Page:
Friday, January 23, 2009

Response to "What Being in DC Meant to Me"

THIS is why I LOVE my Daddy!

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Hey Lady,

I am so glad that you were able to experience this great part of American history. I say American history because, in all of the world, we are truly unique.

There are great and note worthy people in our Black American history. There are people like Fredrick Douglas, Sojourna Truth, Harriet Tubman,W.E.B. DuBois, A. Phillip Randolph, Booker T. Washington, Martin, Malcom, Huey, Stokley and so many others.

But, I tend to think of this being my country, your country and every other black American's country because of the thousands upon thousands of Black people who built this country; because of the thousands upon thousands of Black people whose blood was shed for this country. The inventions and contributions of Black people to the growth of this country. We paid an extremely high price for this country to be THIS COUNTRY.

I think of your personal history in this country. Albert and Georgia Erby, your mother's parents, who left the Arkansas cotton fields and came to California. He worked three jobs and she cleaned white folks houses so that they could send 7 children children to college. Your mother, who decided to become a teacher so that she could contribute to the growth children in the community.

There was Amy Perkins, your great grand mother, who fought off the white land owner that she worked for when he tried to rape her. When she fought and got away, he shot her in the back of the head with a shot gun and killed her. The local law in Texas ruled her death a suicide. She died fighting for her life.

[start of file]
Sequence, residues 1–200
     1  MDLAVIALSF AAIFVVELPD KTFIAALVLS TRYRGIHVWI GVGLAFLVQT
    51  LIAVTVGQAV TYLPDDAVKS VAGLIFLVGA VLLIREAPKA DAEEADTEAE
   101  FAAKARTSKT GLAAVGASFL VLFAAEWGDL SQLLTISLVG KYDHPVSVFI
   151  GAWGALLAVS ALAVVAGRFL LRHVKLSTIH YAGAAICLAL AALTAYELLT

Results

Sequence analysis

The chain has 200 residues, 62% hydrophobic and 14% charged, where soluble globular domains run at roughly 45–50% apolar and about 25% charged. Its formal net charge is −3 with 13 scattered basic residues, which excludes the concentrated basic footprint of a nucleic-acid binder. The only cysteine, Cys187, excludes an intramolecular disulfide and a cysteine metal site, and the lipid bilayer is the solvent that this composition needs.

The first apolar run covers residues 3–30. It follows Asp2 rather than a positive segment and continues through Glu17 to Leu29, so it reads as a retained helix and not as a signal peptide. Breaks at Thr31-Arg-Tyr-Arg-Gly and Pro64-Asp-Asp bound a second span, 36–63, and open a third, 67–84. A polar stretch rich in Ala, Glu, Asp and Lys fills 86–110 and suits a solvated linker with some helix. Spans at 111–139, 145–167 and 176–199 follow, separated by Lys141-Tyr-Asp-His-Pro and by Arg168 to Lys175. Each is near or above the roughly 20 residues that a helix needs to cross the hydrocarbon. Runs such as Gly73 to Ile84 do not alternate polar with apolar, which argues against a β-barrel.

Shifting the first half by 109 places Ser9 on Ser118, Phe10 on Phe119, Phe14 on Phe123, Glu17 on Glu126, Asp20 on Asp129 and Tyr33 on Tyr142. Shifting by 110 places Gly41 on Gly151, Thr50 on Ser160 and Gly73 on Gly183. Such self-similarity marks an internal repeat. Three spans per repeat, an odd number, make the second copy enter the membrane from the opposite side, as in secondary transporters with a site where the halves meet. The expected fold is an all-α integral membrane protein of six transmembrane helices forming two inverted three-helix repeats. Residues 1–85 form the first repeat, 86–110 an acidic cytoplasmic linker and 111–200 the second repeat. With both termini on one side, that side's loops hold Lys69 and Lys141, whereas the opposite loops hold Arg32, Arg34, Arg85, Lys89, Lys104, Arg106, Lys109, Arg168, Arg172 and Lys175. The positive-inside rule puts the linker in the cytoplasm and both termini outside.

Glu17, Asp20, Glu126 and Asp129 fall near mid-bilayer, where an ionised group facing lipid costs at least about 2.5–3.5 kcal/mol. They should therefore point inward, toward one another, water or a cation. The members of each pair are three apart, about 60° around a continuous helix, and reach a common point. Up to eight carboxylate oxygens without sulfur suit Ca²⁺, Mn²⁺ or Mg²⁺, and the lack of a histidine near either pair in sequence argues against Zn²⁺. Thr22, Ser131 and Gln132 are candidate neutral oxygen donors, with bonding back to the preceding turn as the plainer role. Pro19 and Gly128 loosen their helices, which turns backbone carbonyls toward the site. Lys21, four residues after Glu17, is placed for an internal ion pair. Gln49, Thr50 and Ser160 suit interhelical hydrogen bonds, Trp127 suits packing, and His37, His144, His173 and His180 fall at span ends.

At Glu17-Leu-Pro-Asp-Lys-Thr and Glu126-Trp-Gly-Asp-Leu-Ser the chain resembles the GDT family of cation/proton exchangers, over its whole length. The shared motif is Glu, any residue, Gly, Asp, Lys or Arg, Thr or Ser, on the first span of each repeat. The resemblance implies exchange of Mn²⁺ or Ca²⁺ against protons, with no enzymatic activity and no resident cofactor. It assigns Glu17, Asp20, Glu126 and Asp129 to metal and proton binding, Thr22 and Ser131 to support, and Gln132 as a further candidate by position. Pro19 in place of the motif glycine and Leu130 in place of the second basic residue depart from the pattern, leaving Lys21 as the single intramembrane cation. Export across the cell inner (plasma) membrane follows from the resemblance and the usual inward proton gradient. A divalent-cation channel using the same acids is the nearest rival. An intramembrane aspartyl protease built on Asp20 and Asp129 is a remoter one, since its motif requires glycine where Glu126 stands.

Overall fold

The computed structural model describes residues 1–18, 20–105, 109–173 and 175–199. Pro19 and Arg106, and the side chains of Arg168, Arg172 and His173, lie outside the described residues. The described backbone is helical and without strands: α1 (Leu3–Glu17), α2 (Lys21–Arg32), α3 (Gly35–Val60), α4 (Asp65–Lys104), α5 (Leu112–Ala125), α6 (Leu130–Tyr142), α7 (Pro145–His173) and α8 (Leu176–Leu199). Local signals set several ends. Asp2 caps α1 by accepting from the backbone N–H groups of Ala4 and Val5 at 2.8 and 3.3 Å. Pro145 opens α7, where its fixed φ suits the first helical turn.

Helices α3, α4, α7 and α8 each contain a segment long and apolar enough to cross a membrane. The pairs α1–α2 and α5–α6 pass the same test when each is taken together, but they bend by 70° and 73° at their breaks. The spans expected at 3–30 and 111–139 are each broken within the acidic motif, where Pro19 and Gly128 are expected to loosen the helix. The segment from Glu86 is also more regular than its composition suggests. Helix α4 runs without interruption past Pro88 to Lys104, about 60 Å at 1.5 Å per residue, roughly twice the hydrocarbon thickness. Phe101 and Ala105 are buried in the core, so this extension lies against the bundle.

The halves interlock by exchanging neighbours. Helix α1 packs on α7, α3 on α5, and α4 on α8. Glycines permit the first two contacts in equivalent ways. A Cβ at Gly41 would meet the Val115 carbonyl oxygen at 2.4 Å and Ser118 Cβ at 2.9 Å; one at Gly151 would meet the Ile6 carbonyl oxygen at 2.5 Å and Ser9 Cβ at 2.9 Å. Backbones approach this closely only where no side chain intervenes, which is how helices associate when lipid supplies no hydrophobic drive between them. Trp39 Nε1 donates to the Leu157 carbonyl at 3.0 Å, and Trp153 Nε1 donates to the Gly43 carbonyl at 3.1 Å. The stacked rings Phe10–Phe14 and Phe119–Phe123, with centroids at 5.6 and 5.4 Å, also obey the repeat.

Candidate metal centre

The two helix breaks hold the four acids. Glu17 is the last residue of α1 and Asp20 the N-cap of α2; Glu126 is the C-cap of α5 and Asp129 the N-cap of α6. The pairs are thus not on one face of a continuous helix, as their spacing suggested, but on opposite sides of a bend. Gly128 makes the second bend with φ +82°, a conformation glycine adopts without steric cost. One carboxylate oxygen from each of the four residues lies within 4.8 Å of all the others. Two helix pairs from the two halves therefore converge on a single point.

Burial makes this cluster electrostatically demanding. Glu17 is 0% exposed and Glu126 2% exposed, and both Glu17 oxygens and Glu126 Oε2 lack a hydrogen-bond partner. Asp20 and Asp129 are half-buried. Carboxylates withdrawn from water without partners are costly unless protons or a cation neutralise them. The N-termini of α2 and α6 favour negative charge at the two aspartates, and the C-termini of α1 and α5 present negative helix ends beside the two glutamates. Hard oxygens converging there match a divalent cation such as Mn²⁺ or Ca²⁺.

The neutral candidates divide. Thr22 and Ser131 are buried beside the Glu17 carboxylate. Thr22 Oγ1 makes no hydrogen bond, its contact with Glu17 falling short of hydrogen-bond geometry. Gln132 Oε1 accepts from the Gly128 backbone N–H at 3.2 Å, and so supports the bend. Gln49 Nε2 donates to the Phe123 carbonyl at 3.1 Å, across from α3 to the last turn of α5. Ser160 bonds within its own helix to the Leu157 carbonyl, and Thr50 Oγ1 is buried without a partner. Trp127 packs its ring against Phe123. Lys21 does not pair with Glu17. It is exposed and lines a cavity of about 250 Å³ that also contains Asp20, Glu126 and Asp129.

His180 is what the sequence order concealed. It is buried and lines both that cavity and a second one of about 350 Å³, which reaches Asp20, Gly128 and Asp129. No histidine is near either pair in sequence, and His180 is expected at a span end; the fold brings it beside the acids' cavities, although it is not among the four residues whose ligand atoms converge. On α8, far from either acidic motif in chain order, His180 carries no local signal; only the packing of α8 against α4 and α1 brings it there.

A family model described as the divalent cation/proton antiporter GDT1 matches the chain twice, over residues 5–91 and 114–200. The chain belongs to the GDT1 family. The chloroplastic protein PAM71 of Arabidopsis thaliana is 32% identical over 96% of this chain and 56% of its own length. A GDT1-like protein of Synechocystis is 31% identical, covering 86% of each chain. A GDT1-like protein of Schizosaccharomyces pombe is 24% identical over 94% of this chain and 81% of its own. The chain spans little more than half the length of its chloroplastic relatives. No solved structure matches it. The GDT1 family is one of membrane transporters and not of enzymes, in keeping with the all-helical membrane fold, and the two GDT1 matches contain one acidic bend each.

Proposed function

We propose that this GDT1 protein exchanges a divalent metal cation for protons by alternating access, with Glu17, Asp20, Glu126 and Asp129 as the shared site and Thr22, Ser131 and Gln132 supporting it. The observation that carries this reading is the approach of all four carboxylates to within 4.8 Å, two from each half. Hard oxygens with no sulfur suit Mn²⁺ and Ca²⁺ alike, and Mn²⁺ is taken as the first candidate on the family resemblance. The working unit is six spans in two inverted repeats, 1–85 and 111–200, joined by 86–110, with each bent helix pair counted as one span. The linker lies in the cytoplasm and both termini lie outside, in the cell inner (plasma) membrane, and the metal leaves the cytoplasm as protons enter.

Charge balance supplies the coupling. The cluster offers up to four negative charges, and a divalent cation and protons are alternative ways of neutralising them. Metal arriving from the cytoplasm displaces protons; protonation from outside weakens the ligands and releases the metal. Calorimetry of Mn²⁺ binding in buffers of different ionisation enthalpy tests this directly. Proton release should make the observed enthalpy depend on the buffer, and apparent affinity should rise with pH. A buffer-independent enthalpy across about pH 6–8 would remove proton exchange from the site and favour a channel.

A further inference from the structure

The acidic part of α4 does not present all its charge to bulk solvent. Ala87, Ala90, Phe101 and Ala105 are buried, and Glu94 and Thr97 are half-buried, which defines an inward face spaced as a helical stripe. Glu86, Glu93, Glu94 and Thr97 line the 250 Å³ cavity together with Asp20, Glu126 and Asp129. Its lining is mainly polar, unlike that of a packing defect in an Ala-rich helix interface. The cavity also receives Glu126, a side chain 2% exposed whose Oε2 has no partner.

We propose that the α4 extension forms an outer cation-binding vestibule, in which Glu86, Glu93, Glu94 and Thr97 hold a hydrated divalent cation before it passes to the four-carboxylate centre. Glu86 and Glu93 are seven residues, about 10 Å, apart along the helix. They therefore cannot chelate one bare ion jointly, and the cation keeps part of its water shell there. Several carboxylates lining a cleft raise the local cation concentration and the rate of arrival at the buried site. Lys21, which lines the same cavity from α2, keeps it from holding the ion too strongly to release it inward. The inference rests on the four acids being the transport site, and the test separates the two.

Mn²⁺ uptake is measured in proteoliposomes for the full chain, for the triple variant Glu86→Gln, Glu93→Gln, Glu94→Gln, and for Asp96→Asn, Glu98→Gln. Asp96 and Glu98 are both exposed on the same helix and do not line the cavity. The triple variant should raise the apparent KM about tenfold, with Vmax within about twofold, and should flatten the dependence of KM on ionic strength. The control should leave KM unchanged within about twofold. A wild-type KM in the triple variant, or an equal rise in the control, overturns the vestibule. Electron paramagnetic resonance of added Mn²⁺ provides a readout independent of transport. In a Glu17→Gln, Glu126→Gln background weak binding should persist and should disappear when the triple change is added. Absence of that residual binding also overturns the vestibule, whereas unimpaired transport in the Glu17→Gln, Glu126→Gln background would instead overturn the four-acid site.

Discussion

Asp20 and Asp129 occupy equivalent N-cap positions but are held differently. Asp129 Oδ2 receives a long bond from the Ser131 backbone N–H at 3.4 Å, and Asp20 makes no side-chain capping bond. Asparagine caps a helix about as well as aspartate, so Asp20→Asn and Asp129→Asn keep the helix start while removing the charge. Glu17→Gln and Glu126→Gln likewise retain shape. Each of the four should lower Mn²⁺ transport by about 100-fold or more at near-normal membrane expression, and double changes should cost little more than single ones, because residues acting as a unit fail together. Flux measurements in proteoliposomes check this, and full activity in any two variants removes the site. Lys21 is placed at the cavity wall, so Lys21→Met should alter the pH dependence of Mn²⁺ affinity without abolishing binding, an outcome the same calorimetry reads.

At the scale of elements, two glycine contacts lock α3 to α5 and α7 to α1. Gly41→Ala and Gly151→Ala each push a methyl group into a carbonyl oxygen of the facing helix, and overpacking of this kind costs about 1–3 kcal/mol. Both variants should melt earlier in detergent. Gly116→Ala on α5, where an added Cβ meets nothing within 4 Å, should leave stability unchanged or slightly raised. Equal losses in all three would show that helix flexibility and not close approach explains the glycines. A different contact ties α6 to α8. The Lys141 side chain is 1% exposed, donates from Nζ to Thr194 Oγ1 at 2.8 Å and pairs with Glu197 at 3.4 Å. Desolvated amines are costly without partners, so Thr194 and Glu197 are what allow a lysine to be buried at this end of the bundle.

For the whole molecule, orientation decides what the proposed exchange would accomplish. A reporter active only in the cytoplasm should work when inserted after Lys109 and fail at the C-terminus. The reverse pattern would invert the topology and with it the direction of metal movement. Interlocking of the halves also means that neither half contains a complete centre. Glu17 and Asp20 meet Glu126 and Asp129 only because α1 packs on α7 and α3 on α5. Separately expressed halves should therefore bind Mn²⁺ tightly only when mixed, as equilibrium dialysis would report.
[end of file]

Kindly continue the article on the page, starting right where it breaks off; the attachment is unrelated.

Your great great grandfather, Henry Richardson, stood up for himself when they tried to lynch him in Texas. Others said that he never did bow and he never did kneel. They say that he told the white men that he knew that they would kill him but, at least one of them would die with him. Before they killed him, he killed one of them. He died fighting for his life.

Frances "Chick" Burroughs, your great great grand mother, Henry's wife, did many wonderful things to help her family, including teaching me to read before I started school. Your great grand mother, America Brown, was an adventuress, loved to travel, but made sure her children were taken care of.

Betty Jean Richardson (Perkins), your grand mother ( whom you know as grand-grand) brought me, your father, to California in 1946 so that I would not have to grow up in the racism of Texas at the time. She did what she knew to do to protect her child and to provide a better chance at life for him.

I grew during an exciting time. Negroes were becoming Black and beginning in mass to demand the life that we had paid the price for in this country. I was in demonstrations, sit-ins. I debated and encouraged other brothers and sisters to stand up and BE. I challenged whites to wake up and free themselves from the stupidity of racism.

I have seen and experienced so many things that lead to the precious moment of my daughter, you, standing on the White House Mall to be a witness to the swearing in of Barack Hussein Obama as the first African American President of the United States, our United States of America.

Of course, I am proud of Barack. But, my main pride is in the fact that you had the opportunity to be a part of it. You were there. And with all that this country has gone through, all that Black people have gone through in this country, all that my family, your mother's family has gone through, for you to be free to be there means the world to me.

My daughter at the inauguration: That is the greatest.

Love,
Daddy

1 comment:

Uncle Milton said...

Mai,
Your commentary was great. I am glad you had this experience. I predicted you would be in the crowd in DC on that day.